Curiously, the New Jersey Supreme Court announced that the Daubert factors should be incorporated into the New Jersey Rules 702 and 703 and their case law, but it stopped short of declaring New Jersey a “Daubert” jurisdiction. Slip op. at 82. In part, the Court’s hesitance followed from New Jersey’s bifurcation of expert witness standards for civil and criminal cases, with the Frye standard still controlling in the criminal docket. At another level, it makes no sense to describe any jurisdiction as a “Daubert” state because the relevant aspects of the Daubert decision were dicta, and the Daubert decision and its progeny were superseded by the revision of the controlling statute in 2000.5

There were other remarkable aspects of the Supreme Court’s Accutane decision. For instance, the Court put its weight behind the common-sense and accurate interpretation of Sir Austin Bradford Hill’s famous articulation of factors for causal judgment, which requires that sampling error, bias, and confounding be eliminated before assessing whether the observed association is strong, consistent, plausible, and the like. Slip op. at 20 (citing the Reference Manual at 597-99), 78.

The Supreme Court relied extensively on the National Academies’ Reference Manual on Scientific Evidence.6 That reliance is certainly preferable to judicial speculations and fabulations of scientific method. The reliance is also positive, considering that the Court did not look only at the problematic epidemiology chapter, but adverted also to the chapters on statistical evidence and on clinical medicine.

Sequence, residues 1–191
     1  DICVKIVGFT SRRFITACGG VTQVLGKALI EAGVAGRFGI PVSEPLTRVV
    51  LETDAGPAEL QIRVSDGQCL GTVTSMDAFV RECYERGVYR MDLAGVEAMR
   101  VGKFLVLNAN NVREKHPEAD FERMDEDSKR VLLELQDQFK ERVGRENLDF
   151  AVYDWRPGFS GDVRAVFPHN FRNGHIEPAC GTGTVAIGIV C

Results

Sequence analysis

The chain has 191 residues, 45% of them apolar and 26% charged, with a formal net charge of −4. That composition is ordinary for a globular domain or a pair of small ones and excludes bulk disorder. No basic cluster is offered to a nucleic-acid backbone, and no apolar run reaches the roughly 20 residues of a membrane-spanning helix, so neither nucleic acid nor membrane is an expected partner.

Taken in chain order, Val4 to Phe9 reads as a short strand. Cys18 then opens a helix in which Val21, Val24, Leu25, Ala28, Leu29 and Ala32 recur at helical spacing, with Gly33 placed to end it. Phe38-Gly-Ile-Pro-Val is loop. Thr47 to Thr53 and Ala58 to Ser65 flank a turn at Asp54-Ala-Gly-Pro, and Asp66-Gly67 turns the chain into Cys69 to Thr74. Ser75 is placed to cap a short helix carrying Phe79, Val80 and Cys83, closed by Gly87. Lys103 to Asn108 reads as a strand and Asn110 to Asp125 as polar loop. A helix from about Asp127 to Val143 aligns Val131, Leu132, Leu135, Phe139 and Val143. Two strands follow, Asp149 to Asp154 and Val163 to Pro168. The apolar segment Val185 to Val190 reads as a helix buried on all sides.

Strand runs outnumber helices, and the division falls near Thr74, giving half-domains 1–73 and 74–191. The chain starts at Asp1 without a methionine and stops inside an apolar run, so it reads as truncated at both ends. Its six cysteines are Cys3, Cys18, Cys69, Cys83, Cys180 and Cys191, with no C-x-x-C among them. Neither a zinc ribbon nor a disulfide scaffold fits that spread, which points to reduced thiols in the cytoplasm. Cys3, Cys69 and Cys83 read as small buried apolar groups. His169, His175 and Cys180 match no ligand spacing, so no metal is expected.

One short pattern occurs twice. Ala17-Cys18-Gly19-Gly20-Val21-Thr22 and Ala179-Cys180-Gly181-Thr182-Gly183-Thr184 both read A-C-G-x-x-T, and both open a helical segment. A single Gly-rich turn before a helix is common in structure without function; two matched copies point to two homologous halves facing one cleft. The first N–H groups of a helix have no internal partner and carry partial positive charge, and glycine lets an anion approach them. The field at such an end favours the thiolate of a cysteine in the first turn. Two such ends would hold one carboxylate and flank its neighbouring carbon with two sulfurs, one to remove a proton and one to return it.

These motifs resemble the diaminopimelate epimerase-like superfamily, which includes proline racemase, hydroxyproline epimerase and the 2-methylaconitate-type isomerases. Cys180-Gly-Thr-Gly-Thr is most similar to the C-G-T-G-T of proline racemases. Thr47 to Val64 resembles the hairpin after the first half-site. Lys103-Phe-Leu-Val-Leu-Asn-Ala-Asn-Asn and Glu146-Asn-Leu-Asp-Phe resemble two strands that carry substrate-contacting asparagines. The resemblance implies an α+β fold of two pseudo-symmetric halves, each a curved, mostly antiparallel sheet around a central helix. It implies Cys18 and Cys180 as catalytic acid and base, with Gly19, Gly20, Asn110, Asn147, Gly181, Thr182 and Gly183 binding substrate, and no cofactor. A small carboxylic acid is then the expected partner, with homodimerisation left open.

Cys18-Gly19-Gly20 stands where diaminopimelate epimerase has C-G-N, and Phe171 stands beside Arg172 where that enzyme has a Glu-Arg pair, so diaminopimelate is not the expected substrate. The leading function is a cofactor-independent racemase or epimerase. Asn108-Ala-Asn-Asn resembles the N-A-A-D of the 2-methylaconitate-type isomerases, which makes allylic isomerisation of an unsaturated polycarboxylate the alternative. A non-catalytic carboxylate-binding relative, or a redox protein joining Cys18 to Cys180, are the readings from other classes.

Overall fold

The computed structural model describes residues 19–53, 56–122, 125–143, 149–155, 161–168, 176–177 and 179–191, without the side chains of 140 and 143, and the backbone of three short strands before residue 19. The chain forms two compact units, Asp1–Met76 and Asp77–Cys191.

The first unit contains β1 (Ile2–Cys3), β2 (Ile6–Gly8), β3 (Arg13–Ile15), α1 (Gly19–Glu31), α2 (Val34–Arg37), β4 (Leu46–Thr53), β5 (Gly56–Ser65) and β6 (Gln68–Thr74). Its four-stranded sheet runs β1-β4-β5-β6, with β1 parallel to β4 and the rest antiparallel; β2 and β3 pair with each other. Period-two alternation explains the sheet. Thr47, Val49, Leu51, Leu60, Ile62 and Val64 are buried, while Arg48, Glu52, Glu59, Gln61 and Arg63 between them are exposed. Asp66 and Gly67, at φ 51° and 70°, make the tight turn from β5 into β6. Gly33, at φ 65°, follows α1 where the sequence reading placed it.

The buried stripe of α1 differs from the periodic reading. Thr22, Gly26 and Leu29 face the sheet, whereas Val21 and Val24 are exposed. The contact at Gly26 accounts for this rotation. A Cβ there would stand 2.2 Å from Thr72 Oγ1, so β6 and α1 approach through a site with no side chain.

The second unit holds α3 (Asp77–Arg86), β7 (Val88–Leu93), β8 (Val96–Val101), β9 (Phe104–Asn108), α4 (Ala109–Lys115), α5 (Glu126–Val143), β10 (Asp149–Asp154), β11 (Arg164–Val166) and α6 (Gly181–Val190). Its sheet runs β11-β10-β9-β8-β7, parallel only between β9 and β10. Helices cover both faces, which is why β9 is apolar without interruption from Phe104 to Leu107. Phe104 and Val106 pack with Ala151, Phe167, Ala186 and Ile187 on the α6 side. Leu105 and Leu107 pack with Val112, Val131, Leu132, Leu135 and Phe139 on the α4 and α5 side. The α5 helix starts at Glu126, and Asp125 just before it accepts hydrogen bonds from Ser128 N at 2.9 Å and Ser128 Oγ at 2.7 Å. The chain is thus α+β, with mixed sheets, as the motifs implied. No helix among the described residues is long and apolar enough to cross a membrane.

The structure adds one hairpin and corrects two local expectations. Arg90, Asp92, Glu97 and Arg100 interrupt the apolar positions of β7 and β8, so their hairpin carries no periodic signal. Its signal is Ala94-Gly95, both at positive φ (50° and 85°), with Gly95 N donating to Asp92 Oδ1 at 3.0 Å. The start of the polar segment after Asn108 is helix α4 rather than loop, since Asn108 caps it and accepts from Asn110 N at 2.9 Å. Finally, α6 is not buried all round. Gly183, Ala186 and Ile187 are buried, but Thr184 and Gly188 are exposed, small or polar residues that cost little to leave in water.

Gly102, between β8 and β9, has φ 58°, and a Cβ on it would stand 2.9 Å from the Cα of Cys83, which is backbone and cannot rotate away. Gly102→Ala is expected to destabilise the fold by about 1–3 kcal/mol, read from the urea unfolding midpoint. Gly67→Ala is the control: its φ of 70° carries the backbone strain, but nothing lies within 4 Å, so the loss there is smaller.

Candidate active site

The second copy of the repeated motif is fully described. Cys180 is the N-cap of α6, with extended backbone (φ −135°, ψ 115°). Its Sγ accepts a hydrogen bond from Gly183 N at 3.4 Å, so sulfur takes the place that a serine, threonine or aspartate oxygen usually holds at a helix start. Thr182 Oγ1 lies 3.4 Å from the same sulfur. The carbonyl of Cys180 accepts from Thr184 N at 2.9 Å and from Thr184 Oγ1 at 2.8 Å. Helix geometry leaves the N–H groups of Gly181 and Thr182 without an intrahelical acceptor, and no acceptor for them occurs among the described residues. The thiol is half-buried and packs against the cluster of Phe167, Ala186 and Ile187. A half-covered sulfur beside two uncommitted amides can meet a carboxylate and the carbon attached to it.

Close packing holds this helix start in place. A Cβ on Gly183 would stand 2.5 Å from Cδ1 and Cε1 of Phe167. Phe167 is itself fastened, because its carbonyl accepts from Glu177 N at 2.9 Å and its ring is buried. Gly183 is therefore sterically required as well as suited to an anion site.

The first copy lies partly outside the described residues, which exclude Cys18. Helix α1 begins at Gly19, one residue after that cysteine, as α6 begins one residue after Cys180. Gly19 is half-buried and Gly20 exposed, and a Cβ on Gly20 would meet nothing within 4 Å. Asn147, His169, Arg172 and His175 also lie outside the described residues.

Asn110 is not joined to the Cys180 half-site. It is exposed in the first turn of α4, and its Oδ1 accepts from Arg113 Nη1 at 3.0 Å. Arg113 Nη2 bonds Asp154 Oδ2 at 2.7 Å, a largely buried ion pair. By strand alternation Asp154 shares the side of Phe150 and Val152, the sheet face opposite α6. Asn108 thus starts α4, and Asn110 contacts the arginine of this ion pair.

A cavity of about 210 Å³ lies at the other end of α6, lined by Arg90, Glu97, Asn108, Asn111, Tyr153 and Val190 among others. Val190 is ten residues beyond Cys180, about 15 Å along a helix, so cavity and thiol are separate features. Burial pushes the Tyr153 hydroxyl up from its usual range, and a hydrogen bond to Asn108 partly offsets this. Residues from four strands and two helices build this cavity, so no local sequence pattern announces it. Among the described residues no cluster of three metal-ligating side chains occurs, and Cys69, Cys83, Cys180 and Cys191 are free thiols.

The Supreme Court recognized that the Appellate Division had essentially sanctioned an anything goes abandonment of gatekeeping, an approach that has been all-too-common in some of New Jersey’s lower courts. Contrary to the previously prevailing New Jersey zeitgeist, the Court instructed that gatekeeping must be “rigorous” to “prevent[] the jury’s exposure to unsound science through the compelling voice of an expert.” Slip op. at 68-9.

Not all evidence is equal. “[C]ase reports are at the bottom of the evidence hierarchy.” Slip op. at 73. Extrapolation from non-human animal studies is fraught with external validity problems, and such studies “far less probative in the face of a substantial body of epidemiologic evidence.” Id. at 74 (internal quotations omitted).

Perhaps most chilling for the lawsuit industry will be the Supreme Court’s strident denunciation of expert witnesses’ selectivity in choosing lesser evidence in the face of a large body of epidemiologic evidence, id. at 77, and their unprincipled cherry picking among the extant epidemiologic publications. Like the trial court, the Supreme Court found that the plaintiffs’ expert witnesses’ inconsistent use of methodological criteria and their selective reliance upon studies (disregarding eight of the nine epidemiologic studies) that favored their task masters was the antithesis of sound methodology. Id. at 73, citing with approval, In re Lipitor, ___ F.3d ___ (4th Cir. 2018) (slip op. at 16) (“Result-driven analysis, or cherry-picking, undermines principles of the scientific method and is a quintessential example of applying methodologies (valid or otherwise) in an unreliable fashion.”).